The International Monetary Fund has raised South Africa’s growth forecast for this year after recoveries in the agriculture and mining sectors, but perceptions of policy uncertainty pose a downside risk, a senior official said on Thursday.
The IMF expects Africa’s most industrialised economy to grow by 1 percent this year, more than an earlier projection of 0.8 percent, the fund’s senior resident representative in South Africa Montfort Mlachila said in an interview.
South Africa’s Treasury expects growth of 1.3 percent this year, up from 0.3 percent in 2016.
“We have upgraded the growth rate this year to 1.0 percent mainly because of two factors. One is the resumption of solid agricultural production following the drought. Production this year has been extremely good, especially for maize,” Mlachila told Reuters after the IMF’s annual visit to South Africa.
“At the same time we expect a modest rebound in mining production, mostly reflecting improved commodity prices, especially for iron ore and coal.”
South Africa is seen harvesting 14.54 million tonnes of maize in 2017, up 87 percent from last year’s drought-hit crop after rains returned, the government’s Crop Estimates Committee forecast last month.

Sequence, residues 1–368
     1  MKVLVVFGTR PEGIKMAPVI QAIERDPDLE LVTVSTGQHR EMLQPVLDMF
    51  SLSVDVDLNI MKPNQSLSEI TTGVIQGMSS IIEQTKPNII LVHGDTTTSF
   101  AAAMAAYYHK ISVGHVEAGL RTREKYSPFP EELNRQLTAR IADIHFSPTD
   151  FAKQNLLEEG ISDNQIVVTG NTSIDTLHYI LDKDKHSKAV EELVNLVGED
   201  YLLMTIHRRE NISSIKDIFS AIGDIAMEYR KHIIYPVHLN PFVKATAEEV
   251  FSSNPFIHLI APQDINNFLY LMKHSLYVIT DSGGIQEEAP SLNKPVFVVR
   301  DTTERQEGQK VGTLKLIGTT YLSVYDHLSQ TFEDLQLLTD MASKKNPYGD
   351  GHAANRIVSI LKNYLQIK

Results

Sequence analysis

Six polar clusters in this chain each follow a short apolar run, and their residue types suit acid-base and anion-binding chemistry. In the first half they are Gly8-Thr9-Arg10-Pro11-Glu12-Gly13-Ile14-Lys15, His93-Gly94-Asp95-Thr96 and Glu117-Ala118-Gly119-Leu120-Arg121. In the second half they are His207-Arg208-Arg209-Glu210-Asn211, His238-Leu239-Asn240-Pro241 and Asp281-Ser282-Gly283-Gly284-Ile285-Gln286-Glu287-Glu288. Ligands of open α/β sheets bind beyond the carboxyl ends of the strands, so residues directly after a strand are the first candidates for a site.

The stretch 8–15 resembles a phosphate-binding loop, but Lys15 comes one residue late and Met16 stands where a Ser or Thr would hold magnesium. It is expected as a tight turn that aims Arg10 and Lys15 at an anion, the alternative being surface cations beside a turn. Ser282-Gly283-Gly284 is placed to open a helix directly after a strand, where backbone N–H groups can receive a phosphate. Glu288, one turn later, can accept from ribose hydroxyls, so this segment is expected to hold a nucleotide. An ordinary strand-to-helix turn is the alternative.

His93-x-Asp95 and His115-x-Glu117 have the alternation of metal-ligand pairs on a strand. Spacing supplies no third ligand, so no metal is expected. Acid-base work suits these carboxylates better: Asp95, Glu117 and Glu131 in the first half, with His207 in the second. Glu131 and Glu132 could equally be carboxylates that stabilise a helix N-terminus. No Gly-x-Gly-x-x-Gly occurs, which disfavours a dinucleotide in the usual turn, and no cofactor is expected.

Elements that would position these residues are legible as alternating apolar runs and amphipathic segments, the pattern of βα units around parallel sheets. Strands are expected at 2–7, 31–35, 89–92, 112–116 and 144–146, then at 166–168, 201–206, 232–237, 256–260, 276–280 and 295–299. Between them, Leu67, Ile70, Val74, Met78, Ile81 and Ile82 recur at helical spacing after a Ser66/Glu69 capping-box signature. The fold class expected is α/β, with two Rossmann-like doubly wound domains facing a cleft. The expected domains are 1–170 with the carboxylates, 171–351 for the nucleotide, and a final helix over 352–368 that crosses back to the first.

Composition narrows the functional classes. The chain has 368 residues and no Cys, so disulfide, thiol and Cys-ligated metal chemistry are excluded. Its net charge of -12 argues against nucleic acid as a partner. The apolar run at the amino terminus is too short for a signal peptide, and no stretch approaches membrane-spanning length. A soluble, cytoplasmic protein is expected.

Mlachila, however, said “relatively high levels of perceived policy uncertainty” that have weighed down on consumer and business confidence were among the risks to growth.
The IMF was also concerned with high levels of contingent liabilities among state-owned companies and the overall efficiency of the firms, which increases costs, he said.
Policy uncertainty heightened this year after President Jacob Zuma sacked finance minister Pravin Gordhan, a favourite with international investors, in March. He was replaced by Malusi Gigaba, who backs the president’s aim of redistributing wealth to poor blacks.
S&P Global Ratings and Fitch downgraded South Africa’s credit rating to below investment grade last month, citing likely changes in economic policy after the controversial cabinet shake-up.
Gigaba has sought to allay investor fears of drastic policy changes and said the government was committed to maintaining its fiscal consolidation path.
“We definitely think it’s a step in the right direction, but obviously we will be following the implementation of the budget in the coming months,” Mlachila said.
“But at this point in time, given South Africa’s good track record in respecting budget ceilings, we have no reason to doubt they will stick to their budget as approved by parliament.”
(Editing by James Macharia and Catherine Evans)